This week I was thinking about it, and most of my family doesn’t know Christ personally. I’ve had the privilege of leading some of my family to faith in Christ, but most of them don’t know Christ, and I was doing the math in my head this week. I think for 27 years daily, every day of my life for 27 years, I’ve been praying for some members of my family by name. God, bring them to salvation. I will pray for them until they die, until I die, or until they become followers of Jesus, whichever comes first, but I’m not giving up on them.
To be honest with you, I love my family equally, but I don’t have the same relationship with those in my family who don’t know Christ as I do with those in my family who do know Christ. I love them both the same; I love them at the same level. The reason I don’t have the same relationship is because I can’t. We don’t share the most important thing in common, and because we don’t have the most important thing in common, there’s a whole lot of other things that we don’t have in common. I still love them. I would give my life to see them come to faith in Christ, but I can’t have the kind of relationship with them that I have with others in my family who do know Christ, because we don’t have that in common.
So, one of my challenges today is for you who are not yet married who are starting to go down a dangerous road with somebody who doesn’t share your faith, my challenge for you today is, break it off today. I’m serious. It’s way too important to protect your heart and to not go down this road with them. It will undermine your faith. You’re not stronger than Samson; you’re not smarter than Solomon. You’re not good enough to constantly do battle with the enemy of your soul and not let it affect your faith. It’s going to affect your faith. But also want to challenge those of you who know Christ personally. Maybe you can’t think of one person in your life who doesn’t have a relationship with Jesus. It’s time for you to get outside of your comfort zone and to develop some gospel friendships with people who don’t know Christ personally. And don’t use them; don’t make them like a little notch on your belt. Go deep with them, but not so deep that you cross this invisible barrier and that you give your heart to somebody who doesn’t share your faith. This is hard to do, but it’s extremely important.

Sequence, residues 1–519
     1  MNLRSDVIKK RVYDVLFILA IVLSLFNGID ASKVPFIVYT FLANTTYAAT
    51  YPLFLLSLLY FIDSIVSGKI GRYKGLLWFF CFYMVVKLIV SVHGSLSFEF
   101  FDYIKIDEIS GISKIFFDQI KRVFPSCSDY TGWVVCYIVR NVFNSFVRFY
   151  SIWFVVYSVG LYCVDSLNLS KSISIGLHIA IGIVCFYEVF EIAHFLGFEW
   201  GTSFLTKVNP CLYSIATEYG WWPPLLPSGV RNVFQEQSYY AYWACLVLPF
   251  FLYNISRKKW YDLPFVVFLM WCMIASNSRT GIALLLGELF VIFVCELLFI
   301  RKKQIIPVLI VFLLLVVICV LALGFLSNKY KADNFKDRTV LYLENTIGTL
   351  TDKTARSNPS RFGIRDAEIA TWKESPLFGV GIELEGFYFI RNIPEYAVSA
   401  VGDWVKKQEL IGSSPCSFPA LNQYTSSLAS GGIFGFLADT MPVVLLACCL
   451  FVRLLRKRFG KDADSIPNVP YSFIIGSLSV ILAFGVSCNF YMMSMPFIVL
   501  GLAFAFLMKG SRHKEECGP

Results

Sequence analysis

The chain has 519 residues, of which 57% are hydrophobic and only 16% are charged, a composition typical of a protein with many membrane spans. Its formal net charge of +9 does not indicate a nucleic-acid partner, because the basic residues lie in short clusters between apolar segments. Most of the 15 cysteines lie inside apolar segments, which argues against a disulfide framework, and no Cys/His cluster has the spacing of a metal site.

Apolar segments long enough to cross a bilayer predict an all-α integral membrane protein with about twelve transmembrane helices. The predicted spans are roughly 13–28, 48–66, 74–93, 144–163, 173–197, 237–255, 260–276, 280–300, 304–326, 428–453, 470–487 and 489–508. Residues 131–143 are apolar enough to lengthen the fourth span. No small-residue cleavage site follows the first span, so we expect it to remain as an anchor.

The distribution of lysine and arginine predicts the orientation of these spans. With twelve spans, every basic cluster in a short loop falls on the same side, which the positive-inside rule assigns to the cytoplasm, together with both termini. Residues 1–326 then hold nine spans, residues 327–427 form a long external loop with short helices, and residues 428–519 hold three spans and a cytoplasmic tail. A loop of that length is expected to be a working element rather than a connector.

• I need Jesus to change my heart. Today, I surrendered my soul to Jesus for the first time.
– I have let someone become more important to me than Jesus. Pray for me to put Jesus first.
+ I will give my faith to someone who doesn’t know Jesus, but not my heart.
1. What human relationship is the most important in your life right now? Why that person?
2. How different would that relationship be if that person didn’t know Jesus as Savior?
3. Did someone break up with you in the past, and you were grieved at the time, but you learned later that you’re better off without him/her?
4. Why do marriage relationships have such an impact on a person’s faith?
5. If God’s people had no connection with people outside the faith, how would the gospel spread around their city and the world?
6. Do you have a friendship with someone who is not a Christian?
A. If so, how do you keep the relationship from hurting your faith?
B. If not, how are you sharing your faith right now?
7. Pray that our relationship with Jesus would influence every other relationship in our lives.